Here’s how weather experts are teaming up with builders to climate-proof construction
Future buildings in Ireland will owe their design to meteorologists as much as architects and engineers after a ground-breaking collaboration between construction and weather experts.
Met Éireann has produced a series of reports based on past weather patterns and climate change models to warn builders about what kind of extreme conditions their structures will have to endure depending on where in the country they are located.
The reports will influence all aspects of construction – from what kind of brick is used on a private house to the strength and flexibility of steel in bridges.
They could also spell the end for the floor-to-ceiling walls of glass commonly used in modern city office blocks.
“One of the issues we cover is overheating,” said Keith Lambkin, head of Met Éireann’s climate services division.
“In Ireland we’re used to building to retain heat but we have to design buildings to let heat escape.
“That’s particularly important in buildings such as nursing homes and hospitals where people spend most of their time indoors.
“But it’s also true for built-up urban areas which can become ‘heat islands’. All those glass buildings need a rethink.”
Driving rain, the combination of intense rain and high winds, is another feature explored in depth because of the eroding effect it can have on buildings
The reports map a wide range of changing weather conditions in different parts of the country that pose particular challenges for climate-proofing buildings.
They include temperature extremes, snow loads, rainfall and soil temperature. The latter can dictate the kind of materials used in foundations or how shallow or deep pipes should be laid.
Driving rain, the combination of intense rain and high winds, is another feature explored in depth because of the eroding effect it can have on buildings.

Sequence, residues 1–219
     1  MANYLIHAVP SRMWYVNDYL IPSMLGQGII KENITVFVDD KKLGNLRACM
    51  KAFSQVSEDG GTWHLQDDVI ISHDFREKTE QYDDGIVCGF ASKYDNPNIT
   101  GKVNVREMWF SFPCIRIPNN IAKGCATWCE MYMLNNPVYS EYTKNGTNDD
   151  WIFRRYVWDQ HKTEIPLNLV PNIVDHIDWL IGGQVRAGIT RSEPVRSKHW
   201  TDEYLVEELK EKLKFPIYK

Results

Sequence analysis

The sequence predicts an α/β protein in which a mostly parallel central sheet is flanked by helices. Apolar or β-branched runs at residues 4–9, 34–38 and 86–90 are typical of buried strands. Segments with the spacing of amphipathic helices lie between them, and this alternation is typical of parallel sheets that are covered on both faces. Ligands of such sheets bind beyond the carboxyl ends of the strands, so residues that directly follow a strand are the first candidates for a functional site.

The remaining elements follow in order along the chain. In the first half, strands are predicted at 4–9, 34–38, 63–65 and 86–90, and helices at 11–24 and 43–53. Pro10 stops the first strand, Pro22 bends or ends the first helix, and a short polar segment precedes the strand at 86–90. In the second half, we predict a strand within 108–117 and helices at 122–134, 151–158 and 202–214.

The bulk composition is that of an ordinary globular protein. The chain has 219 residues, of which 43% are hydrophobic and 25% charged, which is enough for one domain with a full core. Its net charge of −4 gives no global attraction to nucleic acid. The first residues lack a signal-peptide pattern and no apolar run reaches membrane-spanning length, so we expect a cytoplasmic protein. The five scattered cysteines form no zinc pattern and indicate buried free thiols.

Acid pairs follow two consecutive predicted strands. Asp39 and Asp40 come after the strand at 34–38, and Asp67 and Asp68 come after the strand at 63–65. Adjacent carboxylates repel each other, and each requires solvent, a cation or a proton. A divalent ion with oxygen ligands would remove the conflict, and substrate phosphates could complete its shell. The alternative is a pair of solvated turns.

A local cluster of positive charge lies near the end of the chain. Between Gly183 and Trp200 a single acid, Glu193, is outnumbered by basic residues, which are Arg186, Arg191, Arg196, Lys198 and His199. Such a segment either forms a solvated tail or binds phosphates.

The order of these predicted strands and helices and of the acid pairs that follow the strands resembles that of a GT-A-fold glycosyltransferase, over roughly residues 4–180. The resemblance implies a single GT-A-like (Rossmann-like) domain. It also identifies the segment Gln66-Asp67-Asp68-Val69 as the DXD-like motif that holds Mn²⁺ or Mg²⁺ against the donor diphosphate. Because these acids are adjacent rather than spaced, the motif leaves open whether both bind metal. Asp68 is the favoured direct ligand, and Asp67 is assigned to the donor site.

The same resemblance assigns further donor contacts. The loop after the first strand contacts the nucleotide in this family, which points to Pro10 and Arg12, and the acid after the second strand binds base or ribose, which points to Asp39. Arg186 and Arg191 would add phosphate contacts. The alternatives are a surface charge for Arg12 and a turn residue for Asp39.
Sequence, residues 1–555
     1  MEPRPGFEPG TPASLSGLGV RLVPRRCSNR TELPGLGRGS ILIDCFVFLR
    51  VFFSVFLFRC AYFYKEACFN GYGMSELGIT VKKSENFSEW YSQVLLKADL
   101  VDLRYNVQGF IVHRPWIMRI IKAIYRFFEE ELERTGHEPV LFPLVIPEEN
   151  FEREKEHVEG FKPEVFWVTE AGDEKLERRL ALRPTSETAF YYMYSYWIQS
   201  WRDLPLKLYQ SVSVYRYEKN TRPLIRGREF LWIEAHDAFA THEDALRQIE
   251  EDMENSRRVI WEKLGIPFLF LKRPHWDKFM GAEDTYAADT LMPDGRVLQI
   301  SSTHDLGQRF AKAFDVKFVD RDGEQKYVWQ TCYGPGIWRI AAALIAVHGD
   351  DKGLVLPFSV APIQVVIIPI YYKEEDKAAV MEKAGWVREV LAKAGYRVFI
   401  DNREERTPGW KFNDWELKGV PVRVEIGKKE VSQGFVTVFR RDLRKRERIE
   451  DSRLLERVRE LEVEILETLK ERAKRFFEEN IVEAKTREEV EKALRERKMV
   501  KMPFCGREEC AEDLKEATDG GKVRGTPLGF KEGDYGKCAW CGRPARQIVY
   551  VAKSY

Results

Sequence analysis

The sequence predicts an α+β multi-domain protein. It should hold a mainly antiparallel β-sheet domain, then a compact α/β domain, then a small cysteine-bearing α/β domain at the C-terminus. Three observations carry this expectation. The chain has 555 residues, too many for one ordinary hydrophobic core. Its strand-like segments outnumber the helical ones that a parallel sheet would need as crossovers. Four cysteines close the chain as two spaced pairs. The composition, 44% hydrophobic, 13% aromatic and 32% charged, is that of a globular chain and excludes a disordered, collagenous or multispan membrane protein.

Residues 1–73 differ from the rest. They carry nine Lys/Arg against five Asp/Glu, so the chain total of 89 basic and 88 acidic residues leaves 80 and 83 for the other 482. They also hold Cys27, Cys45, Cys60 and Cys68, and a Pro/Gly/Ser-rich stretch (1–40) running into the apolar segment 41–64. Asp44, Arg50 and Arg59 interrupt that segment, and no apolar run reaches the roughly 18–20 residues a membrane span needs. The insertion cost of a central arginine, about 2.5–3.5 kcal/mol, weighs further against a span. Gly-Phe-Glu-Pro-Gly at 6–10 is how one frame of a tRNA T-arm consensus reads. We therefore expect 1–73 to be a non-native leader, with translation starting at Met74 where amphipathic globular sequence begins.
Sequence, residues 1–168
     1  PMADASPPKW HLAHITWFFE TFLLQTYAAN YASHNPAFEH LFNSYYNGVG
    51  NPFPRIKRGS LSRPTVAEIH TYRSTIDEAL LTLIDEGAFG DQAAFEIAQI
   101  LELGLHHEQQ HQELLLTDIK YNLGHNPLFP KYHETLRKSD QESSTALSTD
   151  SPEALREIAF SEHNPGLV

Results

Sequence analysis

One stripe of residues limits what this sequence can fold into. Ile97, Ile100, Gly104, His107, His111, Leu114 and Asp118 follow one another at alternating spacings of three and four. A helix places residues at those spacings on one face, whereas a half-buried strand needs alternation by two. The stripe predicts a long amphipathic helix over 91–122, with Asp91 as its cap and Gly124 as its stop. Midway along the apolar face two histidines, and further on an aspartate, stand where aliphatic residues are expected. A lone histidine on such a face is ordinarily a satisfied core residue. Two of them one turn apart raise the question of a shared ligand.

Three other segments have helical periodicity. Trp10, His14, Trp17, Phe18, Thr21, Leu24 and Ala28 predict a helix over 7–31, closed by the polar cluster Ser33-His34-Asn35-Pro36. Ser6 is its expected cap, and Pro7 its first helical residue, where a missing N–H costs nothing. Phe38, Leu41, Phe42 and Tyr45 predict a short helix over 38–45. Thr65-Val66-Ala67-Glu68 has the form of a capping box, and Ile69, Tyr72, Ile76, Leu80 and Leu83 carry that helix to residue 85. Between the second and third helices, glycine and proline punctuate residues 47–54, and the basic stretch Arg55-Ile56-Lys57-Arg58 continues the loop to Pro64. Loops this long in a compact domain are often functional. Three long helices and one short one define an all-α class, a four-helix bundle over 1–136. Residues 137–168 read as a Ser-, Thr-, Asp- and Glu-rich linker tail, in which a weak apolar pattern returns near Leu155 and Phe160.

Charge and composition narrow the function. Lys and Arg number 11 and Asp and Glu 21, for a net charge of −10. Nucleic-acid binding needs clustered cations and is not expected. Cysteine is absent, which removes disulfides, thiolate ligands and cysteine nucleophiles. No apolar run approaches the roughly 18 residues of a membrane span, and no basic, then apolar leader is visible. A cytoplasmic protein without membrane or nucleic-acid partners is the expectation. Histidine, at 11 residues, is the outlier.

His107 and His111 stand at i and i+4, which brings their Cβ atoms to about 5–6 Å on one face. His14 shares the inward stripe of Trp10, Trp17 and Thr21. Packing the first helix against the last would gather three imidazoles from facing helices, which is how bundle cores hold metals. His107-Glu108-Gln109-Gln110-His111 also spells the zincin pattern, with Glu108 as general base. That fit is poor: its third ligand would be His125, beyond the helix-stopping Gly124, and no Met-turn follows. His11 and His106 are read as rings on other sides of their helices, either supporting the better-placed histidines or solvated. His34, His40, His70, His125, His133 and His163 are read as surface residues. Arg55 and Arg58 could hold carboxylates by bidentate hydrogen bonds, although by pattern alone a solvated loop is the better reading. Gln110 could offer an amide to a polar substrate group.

“A different type of brick will work better in your house if where you live is subject to a lot of driving rain,” Mr Lambkin said.
“That’s the kind of information that’s need for climate resilient construction.”
The reports are publicly available from today for use by construction companies or any other interested parties.
But the Department of Housing’s Building Standards Advisory Unit has undertaken to incorporate them into national building regulations.
“This is a really important collaboration. The building standards people are the construction experts and we’re the weather experts,” said Mr Lambkin.
“When you combine the expertise, you can help ensure that a building or structure that’s meant to last 50, 70 or 100 years will actually do its job.”
The Department of Housing said the reports would also help protect public investment as they would guide the best approaches to major infrastructure projects.
The initiative was driven by a commitment made by the Government last year to establish a “national framework for climate services”.
Ireland has been hit by a series of extreme weather events in recent years with different parts of the country experiencing record temperatures, prolonged drought, severe floods and destructive cloudbursts of abnormally intense rain.